Posts Tagged ‘Stoic Death’

Death metal has been particularly healthy this year in the world of the Killchain. I’ve heard some storming releases, and to whittle it down to only ten seems unfair to the many great records I heard this year. I’m genuinely sorry to anyone I’ve reviewed that hasn’t made it in, because I’ve been totally into almost everything I’ve been sent! But it has to be done, and this is it!

10. Tormention – Chaotic Delusions: A solid, chunky death metal riff war machine of a record. Who needs to reinvent the wheel when the wheel has rarely sounded this good. Tormention crush and batter you into submission.

9. Kataklysm – Of Ghosts and Gods: Superb guitar harmonies mesh with a bombardment of double kicks, guttural but understandable roars and flesh searing riffs. Kataklysm may be getting a bit more melodic, but ‘Of Ghosts and Gods’ will still destroy a pit at ten feet.

8. Desecresy – Stoic Death: A slow, grinding album of Finnish death supreme, where speed has been traded in for a malevolent drudge through some of the darkest waters. Unholy, crawling chaos.

7. Putrevore – Tentacles of Horror: Probably my favourite of all Rogga Johansson’s releases this year, Putrevore smash you into the ground with pure, gurgling death metal. Viciously sludgy and with a simply awesome guitar tone, Putrevore slay.

6. Austerymn – Sepulcrum Viventium: A killer debut of pure Swedeath worship, the UK’s answer to Dismember pulled out all the stops to create a memorably brutal record with razor sharp song writing and crushing heaviness.

5. Obituary – Inked in Blood: Legends fade over time, but Obituary don’t. Still as strong today as they were when they dropped ‘Slowly We Rot’. Iconic vocal belches pepper an album built on heavy as fuck riffing and an atmosphere of reeking death.

4. Abyssus – Into the Abyss: Out Obituary-ing Obituary is no mean feat, but Greek death metal squad Abyssus manage to create one of the finest Floridian death metal albums never to come out of Morrisound. I love the raw, uncompromisingly 90s feel about it, taking me back to the heady days when death metal was a little bit more simple!

3. Shrapnel Storm – Mother War: Filling the Bolt Thrower shaped void in my life, Shrapnel Storm has spun more often than I ever thought it could this year. The band just execute a brand of deathly groove that is totally addictive. The rumble of tanks is alive and well

2. Necrocosm – Damnation Doctrine: Spiralling tech death metal with oodles of melody and stunning fretwork. ‘Damnation Doctrine’ is one of metal’s finest debuts, and is held off the top spot by one of death metal’s most influential and untouchable bands.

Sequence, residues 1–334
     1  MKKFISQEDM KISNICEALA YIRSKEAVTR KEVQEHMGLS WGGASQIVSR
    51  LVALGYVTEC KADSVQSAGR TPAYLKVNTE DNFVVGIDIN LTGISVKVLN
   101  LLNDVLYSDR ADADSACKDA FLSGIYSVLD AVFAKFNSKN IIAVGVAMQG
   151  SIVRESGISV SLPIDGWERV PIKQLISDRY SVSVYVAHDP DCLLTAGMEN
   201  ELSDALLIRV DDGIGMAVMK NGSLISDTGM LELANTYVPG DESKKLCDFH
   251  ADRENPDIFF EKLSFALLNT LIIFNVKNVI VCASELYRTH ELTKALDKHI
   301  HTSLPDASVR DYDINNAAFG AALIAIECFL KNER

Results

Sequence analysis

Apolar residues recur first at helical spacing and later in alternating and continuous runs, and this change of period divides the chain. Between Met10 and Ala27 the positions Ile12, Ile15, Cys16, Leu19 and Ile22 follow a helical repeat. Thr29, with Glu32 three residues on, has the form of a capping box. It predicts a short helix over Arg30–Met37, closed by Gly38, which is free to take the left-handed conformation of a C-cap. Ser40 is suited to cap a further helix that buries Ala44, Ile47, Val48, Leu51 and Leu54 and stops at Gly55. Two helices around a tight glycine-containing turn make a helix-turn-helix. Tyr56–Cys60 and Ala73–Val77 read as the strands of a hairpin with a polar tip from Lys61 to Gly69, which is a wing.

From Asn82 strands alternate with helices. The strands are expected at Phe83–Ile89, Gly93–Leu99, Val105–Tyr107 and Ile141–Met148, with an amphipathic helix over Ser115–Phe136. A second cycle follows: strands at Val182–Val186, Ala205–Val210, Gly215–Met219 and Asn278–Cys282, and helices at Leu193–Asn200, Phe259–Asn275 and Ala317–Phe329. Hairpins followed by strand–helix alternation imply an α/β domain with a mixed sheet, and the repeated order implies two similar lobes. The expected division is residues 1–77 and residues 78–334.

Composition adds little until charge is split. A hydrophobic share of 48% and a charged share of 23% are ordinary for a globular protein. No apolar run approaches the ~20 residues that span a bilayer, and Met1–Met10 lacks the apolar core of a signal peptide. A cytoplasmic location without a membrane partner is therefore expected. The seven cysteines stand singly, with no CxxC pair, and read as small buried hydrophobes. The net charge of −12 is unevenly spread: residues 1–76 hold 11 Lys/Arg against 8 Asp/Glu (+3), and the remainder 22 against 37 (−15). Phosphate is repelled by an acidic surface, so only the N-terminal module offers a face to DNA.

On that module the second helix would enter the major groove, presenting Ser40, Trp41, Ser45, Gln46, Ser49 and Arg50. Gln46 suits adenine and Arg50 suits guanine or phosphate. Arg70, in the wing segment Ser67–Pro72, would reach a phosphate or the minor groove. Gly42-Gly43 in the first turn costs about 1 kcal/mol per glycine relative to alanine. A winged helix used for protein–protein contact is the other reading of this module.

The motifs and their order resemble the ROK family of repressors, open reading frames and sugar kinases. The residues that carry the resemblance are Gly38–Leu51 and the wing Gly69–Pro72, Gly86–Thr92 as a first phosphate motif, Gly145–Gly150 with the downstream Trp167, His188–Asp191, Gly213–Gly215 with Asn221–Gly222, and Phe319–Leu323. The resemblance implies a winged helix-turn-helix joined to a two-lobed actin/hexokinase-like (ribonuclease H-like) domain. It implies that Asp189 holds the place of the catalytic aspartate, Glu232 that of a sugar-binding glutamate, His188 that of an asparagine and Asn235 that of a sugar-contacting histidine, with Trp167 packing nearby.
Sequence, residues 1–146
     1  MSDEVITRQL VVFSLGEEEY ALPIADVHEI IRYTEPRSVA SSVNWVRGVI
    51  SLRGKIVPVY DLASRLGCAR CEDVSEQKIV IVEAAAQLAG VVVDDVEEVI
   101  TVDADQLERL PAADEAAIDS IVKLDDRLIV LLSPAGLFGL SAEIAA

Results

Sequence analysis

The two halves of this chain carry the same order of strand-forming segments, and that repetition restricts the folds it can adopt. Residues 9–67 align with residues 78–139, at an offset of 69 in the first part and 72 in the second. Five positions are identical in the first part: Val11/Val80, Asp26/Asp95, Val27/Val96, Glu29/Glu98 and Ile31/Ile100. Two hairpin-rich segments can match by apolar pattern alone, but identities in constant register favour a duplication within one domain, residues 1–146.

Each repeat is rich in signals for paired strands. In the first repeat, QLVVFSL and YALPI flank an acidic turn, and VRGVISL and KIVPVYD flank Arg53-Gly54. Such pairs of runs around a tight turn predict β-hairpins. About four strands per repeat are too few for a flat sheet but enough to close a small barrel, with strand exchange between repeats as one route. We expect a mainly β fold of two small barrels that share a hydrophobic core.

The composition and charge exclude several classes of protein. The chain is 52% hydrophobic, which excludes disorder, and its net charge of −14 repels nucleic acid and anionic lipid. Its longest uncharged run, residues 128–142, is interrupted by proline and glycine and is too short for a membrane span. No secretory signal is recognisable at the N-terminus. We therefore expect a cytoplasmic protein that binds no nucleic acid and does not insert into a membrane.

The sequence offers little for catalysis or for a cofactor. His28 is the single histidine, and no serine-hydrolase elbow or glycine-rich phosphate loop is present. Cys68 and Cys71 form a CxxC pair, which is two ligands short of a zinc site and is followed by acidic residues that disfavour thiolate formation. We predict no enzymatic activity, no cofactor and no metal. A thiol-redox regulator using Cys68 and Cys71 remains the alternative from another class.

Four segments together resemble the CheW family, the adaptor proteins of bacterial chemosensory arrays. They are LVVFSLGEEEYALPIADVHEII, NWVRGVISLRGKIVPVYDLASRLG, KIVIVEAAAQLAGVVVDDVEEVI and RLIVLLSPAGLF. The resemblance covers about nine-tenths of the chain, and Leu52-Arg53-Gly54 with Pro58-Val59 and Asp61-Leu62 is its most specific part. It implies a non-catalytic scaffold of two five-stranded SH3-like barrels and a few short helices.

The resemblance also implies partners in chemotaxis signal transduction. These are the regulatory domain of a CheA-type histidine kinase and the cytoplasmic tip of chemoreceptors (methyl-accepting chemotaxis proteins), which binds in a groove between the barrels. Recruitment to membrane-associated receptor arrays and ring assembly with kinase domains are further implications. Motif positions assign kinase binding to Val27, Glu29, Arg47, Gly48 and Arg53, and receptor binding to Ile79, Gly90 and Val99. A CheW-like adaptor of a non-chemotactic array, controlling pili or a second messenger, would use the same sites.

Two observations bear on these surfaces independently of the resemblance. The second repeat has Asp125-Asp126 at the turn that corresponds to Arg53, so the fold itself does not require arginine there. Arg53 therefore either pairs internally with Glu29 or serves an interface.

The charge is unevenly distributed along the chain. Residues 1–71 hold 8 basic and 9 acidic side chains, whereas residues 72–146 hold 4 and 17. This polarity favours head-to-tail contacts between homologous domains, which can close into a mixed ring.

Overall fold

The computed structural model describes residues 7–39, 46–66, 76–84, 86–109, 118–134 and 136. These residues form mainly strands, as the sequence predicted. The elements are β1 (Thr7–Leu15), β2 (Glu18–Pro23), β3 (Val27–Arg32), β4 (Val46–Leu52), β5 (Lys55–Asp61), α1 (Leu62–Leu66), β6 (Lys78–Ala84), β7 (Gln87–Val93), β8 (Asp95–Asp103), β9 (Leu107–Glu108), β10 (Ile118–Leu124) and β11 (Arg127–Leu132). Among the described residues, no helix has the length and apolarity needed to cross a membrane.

1.Nile – What Should Not Be Unearthed: Flailing, raging technicality meets the ancient power of the pyramids once again as Nile emerge from their tombs, laying upon us another blueprint of apocalyptic, ancient death. Once again proving that they are the greatest death metal outfit going, ‘What Should Not Be Unearthed’ is endlessly stunning.

Desecresy - Stoic Death

Finnish death merchants Desecresy (man, that’s difficult to type first time) have released their fourth opus, ‘Stoic Death’ at the start of November this year, and I must admit I’m not familiar with them at all. But I am partial to a bit of Finnish death metal, due to the fact that they generally seem to drag up the most ancient evil from the Thousand Lakes, so I’m in!

Opener ‘Remedies from Wolf’s Bane’ has this grinding Scandinavian death groove about it, but there’s some atonal melodies that work their way in that draw your attention. This is dense but definitely shot through with a sense of Finnish gloom. ‘The Work of Anakites’ rumbles into existence, with its guttural vocal masking a surprisingly melodic song. Desecresy are definitely capable of writing material that has an innate sense of melody, despite the brutality on offer. This is still traditional death metal, but there are some interesting time changes and murky atmospherics that give that feeling of unexpectedness.

‘Stoic Death’ is an album that will surprise you repeatedly with its depth and musical aptitude. The spiralling guitars that open the doom-laden ‘Passage to Terminus’ betray a hint of progressive metal, while the more grinding traditional death metal assault of ‘Sanguine Visions’ is multilayered, not just mindless riffing. It’s almost hard to describe this feeling of magic that ‘Stoic Death’ brings. It’s a slight unease at what is coming next, but satisfaction at the execution. Desecresy are now a name I’m going to remember, as they’ve produced a stunning album of atypical death metal. It’s slow, its eerie and its damn fantastic.